The World Health Organization describes universal health coverage -- a system coupling health care access with financial protection for all residents -- as the “single most powerful concept that public health has to offer.” The goal of universal care is to give all people the equal opportunity to enjoy the best health possible. I wholeheartedly endorse universal health care, though not a single-payer system like "Medicare for all" because there is ...

Read more...

This is a brief explanation of Medicare from a physician's perspective, as well as my thoughts on how Congress could make adjustments that would bring us closer to universal care and provide the private market the freedom to improve health care outcomes. Medicare is a national health insurance program that provides health insurance for Americans ages 65 and older, and those who are disabled or have specific chronic conditions. Medicare covers ...

Read more...

Washington state Sen. Maureen Walsh (R-Walla Walla) became a national headline for alleging that "[nurses] probably play cards for a considerable amount of the day” during debate on legislation mandating break periods. Many nurses have mailed decks of cards to Walsh and posted pictures of blood-spattered emergency department walls in order to call attention to “last night’s card game,” driving home the point that they aren’t “playing” anything ...

Read more...

Recent polls show a majority of Americans support Medicare for all, but few seem to realize that no other system in the world operates like the current single payer proposals in Congress. Recently, I addressed the concept of single-payer health care, with Cuba's system as an example. Today I'm writing more about the ideas being discussed now in our country and how those compare to other nations ...

Read more...

It’s no secret that in today’s health care market, insurance companies are calling the shots. As a pediatrician in private practice for almost two decades, I’ve seen insurance companies transform into perhaps the single most powerful player in today’s health care landscape -- final arbiters whose decisions about which procedures or medications to authorize effectively end up determining the course of patient care. Decisions made by insurers, such as MassHealth, have ...

Read more...

Recently, a child was on a waitlist for five months to get into my practice. For this article, I will call him Tiny Tim. Tiny Tim, now five years old, has a skin condition known as eczema or atopic dermatitis. When we first met, virtuously every area of his body was covered with wounds from constant scratching. Skin that breaks easily and heals poorly can give bacteria access to other parts ...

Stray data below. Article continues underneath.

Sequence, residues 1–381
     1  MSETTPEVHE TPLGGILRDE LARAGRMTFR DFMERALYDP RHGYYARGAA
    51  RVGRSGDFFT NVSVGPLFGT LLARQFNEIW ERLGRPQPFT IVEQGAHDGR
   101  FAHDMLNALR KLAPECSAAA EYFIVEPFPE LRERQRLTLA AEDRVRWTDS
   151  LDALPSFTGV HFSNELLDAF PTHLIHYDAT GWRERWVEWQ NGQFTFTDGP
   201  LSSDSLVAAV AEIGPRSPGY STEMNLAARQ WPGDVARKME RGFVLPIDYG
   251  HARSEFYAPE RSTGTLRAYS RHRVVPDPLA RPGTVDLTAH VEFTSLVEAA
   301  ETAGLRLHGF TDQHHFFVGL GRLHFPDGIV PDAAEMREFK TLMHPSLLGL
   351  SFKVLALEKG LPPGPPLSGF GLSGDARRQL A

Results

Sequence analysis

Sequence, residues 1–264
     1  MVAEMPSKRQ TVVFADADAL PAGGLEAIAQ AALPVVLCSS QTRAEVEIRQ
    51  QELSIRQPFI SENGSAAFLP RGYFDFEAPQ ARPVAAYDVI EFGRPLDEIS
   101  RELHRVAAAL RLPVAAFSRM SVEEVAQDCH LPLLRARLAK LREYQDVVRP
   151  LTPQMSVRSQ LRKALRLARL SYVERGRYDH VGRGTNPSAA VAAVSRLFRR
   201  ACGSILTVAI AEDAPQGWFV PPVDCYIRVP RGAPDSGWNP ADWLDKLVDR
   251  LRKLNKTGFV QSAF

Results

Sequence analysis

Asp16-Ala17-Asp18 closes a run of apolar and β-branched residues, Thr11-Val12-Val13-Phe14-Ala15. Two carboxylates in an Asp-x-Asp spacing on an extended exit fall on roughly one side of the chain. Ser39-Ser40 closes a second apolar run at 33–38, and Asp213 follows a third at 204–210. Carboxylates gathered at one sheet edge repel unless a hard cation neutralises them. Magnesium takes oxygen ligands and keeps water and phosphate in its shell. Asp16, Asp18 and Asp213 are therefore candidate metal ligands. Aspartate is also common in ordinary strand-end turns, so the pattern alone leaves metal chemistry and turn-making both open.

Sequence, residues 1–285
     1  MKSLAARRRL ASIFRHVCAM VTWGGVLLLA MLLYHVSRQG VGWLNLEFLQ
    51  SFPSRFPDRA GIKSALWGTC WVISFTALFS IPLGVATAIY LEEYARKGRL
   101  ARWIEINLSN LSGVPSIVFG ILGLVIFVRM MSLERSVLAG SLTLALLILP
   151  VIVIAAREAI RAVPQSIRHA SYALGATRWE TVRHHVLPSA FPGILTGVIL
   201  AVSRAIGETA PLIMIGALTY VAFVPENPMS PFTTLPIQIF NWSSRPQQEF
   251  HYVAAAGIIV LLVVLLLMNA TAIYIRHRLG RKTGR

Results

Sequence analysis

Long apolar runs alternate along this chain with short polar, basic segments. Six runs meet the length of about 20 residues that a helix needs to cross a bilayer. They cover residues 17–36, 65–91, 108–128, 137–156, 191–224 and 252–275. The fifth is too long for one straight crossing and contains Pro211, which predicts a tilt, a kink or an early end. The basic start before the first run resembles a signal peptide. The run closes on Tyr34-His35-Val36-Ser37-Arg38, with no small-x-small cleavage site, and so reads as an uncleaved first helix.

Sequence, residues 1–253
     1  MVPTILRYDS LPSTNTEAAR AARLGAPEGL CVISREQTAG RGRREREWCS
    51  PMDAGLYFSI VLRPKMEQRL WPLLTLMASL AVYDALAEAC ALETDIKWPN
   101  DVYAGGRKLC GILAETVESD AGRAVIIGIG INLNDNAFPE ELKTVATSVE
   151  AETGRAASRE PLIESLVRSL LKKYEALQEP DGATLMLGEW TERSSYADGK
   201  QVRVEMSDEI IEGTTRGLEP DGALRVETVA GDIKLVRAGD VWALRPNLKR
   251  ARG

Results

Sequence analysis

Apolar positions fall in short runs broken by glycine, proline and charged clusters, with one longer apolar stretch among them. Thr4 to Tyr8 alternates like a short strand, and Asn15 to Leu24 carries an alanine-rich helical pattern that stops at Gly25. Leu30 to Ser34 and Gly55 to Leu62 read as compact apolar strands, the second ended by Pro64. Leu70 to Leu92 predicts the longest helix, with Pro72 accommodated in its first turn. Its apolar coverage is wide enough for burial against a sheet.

Read more...

The New York University School of Medicine stunned the nation by announcing tuition for all current and future medical students will be free, irrespective of merit or financial need. Dr. Robert Grossman, dean at NYU, commented: “This decision recognizes a moral imperative that must be addressed, as institutions place an increasing debt burden on young people who aspire to become physicians.” NYU says their scholarship -- which begins in the ...

Read more...

A few weeks ago, I saw a young patient who was suffering from an ear infection. It was his fourth visit in eight weeks, as the infection had proven resistant to an escalating series of antibiotics prescribed so far. It was time to bring out a heavier hitter. I prescribed ciprofloxacin, an antibiotic rarely used in pediatrics, yet effective for some drug-resistant pediatric infections. The patient was on the state Medicaid ...

Read more...

In July, 2009, the family of Massachusetts teenager Yarushka Rivera went to their local Walgreens to pick up Topomax, an anti-seizure drug that had been keeping her epilepsy in check for years. Rivera had insurance coverage through MassHealth, the state’s Medicaid insurance program for low-income children, and never ran into obstacles obtaining this life-saving medication. But in July of 2009, she turned 19, and when, shortly after her birthday, her family ...

Read more...

When Amazon, Berkshire Hathaway, and JP Morgan (AmBerGan) announced their health care partnership, Berkshire CEO Warren Buffett declared “the ballooning costs of health care act as a hungry tapeworm on the American economy.”  He is right. Our broken system is infested with tapeworms. Tapeworms are parasites; they exploit their hosts, drain resources, and suck the life out of their prey. Unfortunately, Buffet failed to call attention to the tapeworms specifically; ...

Read more...

7 Pages

Most Popular

✓ Join 150,000+ subscribers 
✓ Get KevinMD's 5 most popular stories
Subscribe. It's free.